Tuesday, November 13, 2007

F-ckin' A! Now let's do something that really matters ...

This was ripped from the latest Minnesota Cyclist e-newsletter:

Last month the City of Minneapolis conducted city-wide bicycle and pedestrian counts, with the help of over 70 volunteers, AmeriCorps members, and government agency staff. This month the City is releasing the data to the public.

Highlights include:
· Top count locations for bicyclists - led by 15th Avenue SE in Dinkytown, the Midtown Greenway in Uptown, and the Midtown Greenway in Phillips.
· Detailed data for 57 count locations.
· A 51% increase in cyclists at 9 downtown locations, when comparing 2007 and 2003 counts.
· Detailed Census statistics, showing that a growing percentage of Minneapolitans bike to work regularly.

The City of Minneapolis has secured $7.01 million in funding to continue to improve the biking and walking environment, through the federal Non-Motorized Transportation Pilot Program (NTP). You can learn more about the specific NTP projects which were funded for Minneapolis. Highlights include:
-17 projects to improve various streets, to make them more bicycle friendly.
-Funding to pilot the Minneapolis Bicycle & Pedestrian Ambassador Program, an education campaign for cyclists, pedestrians, and motorists.
-4 new infrastructure projects, including the Hiawatha Trail connection to Downtown and the completion of the University of Minnesota Trail.
-Funding to increase bicycle parking.

Now my spew: Do we have a bonafide explosion of interest in commuting by bicycle? Or, do we have more agencies putting more time into counting and crunching data so our city can score that mega-Fed grant? I think it's probably a little of both.

Yippee! More people are riding bikes. Yippee! Mpls gets lots of government money. Yippee! More freakin' bike trails. Yippee! Education? Let's hope my little magenta-highlighted blurb doesn't fall by the wayside. Let's hope, too, the educational component leans heavily on re-educating our internal combustible friends out there. It's pretty easy for a driver to kill a ped or cyclist -- it happens all the time; the reverse is hardly ever heard of (short of a gun toting biker -- oh, it's happened).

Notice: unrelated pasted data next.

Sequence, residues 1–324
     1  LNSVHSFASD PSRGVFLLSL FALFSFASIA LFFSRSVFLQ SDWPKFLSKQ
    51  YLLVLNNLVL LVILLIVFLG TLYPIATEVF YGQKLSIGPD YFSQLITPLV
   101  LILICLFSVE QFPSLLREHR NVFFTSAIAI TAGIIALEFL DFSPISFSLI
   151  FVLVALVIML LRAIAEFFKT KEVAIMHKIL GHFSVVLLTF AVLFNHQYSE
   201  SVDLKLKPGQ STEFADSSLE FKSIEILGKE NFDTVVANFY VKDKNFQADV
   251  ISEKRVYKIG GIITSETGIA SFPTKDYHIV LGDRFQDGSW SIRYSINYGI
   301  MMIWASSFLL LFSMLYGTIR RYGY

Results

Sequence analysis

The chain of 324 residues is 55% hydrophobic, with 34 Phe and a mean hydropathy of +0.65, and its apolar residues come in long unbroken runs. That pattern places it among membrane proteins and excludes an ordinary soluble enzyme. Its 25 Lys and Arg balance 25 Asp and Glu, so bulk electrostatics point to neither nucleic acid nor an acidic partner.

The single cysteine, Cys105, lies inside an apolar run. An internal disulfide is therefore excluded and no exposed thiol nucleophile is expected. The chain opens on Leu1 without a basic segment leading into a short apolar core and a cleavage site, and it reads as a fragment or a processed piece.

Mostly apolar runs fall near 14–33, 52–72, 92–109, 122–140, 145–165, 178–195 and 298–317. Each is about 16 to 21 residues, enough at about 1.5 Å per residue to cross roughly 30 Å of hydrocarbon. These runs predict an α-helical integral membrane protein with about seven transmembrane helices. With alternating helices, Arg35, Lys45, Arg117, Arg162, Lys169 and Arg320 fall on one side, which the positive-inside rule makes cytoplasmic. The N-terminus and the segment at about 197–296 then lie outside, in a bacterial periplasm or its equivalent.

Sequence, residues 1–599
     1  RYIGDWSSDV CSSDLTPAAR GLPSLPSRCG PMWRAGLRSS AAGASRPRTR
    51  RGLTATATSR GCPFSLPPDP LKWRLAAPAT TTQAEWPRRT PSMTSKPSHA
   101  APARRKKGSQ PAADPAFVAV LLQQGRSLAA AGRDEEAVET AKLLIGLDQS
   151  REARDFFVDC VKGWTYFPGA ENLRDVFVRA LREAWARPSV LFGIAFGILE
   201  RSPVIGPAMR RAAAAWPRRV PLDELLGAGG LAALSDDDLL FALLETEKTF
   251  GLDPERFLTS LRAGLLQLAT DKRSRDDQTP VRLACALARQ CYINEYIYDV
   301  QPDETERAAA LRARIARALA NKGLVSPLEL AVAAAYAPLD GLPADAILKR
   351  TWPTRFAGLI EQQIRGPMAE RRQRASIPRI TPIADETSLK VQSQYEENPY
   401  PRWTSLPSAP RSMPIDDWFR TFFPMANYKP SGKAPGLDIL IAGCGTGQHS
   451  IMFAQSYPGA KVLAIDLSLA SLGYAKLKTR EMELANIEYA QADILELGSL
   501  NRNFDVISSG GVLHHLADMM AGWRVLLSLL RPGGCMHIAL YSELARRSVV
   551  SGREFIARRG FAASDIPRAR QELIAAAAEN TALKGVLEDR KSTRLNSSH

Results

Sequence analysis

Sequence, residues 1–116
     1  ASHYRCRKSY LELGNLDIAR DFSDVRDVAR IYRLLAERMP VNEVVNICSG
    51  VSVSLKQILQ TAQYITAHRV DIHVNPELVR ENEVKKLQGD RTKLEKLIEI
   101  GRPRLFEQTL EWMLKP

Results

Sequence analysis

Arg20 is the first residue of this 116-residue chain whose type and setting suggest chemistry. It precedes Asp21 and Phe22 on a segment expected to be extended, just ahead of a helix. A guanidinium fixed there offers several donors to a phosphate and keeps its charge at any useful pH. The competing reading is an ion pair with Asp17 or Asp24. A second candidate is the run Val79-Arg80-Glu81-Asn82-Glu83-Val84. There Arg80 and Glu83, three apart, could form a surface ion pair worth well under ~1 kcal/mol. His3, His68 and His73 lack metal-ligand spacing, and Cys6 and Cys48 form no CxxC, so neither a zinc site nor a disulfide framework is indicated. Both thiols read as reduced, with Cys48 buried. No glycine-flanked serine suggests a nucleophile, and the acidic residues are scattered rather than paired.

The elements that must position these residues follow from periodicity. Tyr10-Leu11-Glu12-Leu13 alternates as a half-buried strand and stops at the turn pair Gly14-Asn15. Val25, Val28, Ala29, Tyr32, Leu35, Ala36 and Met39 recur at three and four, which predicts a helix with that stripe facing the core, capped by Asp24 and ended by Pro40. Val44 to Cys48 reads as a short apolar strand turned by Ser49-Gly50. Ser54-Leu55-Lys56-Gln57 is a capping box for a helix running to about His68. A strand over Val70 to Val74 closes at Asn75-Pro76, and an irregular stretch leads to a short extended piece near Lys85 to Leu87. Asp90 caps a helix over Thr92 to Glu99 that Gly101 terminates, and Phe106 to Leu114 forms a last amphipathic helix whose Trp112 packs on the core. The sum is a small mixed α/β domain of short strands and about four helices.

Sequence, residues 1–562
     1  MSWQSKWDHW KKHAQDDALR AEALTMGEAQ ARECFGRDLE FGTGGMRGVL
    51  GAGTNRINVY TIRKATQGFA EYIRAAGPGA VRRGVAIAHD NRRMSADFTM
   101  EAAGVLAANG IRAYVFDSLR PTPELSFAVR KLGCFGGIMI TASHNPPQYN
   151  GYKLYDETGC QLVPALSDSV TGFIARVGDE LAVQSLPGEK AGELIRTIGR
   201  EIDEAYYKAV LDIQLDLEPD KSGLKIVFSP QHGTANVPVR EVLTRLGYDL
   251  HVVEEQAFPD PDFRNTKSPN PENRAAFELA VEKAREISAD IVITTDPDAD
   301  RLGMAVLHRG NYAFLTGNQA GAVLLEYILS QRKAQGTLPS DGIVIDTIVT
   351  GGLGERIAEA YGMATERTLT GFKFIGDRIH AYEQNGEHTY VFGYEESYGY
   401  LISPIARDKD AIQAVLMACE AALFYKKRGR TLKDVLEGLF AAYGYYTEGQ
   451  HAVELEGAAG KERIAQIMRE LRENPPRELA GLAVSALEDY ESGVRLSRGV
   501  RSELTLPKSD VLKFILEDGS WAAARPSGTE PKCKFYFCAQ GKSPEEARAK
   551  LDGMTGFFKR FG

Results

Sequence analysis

Motor vehicle operators need a lesson or two in tolerance, in a bad, bad way. Cyclists are not immune from the need for education and mutual respect of the rules of the road (It would be easier to begin obeying the "rules" as they are modified to be fair for bikes, too). The freaks who drive around on ego-fueled autopilot with a subconscious belief that bikes do not belong on the road and who are guided by a notion embedded at the level of their ids that cyclists deserve to be punished, i.e. killed, for "overstepping" their bounds need to be rehabilitated, majorly overhauled, re-worked, lobotamized, etc.

Come to think of it, $7.01 million is a lot of damned money. Bike trails are nice, they're fun, they provide a false sense of security for neurotic neophytes who may never be competent cyclists anyway. But what really itches me about bike trails? The more millions we pump into building more and more trails, the more and more the mass majority of non-cyclists (motorists) and some cyclists (weekend warriors/recreational "enthusiasts") will believe that the only right and proper place for cyclists is segregated from cars on a dedicated path. Bullshit. I say teach the drivers to become more tolerant, let enforcement agencies hold motorists accountable for exclusionary, bullyish behavior and we can stop building these bourgeois bike trails and let cyclists ride in peace on the road. $7.01 million is dedicated to Mpls alone; think about the pots of money for similar projects in Portland, San Francisco, New York, D.C. ... We're talking major coin, folks. Does it improve my quality of life? Yeah, but it could improve a lot of others' lives who are a hell of a lot worse off than I am (not to mention my cushy, middle class, white cycling cronies).

What would I rather see $7.01 million spent on? Here are a couple of ideas: Healthcare for the poor (affordable healthcare for people like my own family, in fact); Sensitivity training for cops; Salaries for more cops who have sworn to uphold the rights of bicyclists on the streets (let's not leave out upholding the rights of minorities and under-represented populations while we're at it); Improved public transit; Alternative energy initiatives; Affordable higher education; Dynamic improvements to public education; Enforcement of speed limits and traffic laws for motorists; the list goes on. And, by the way ... do you think $7.01 million is enough to buy the Bill of Rights back from the greedy bastards who've kidnapped it?

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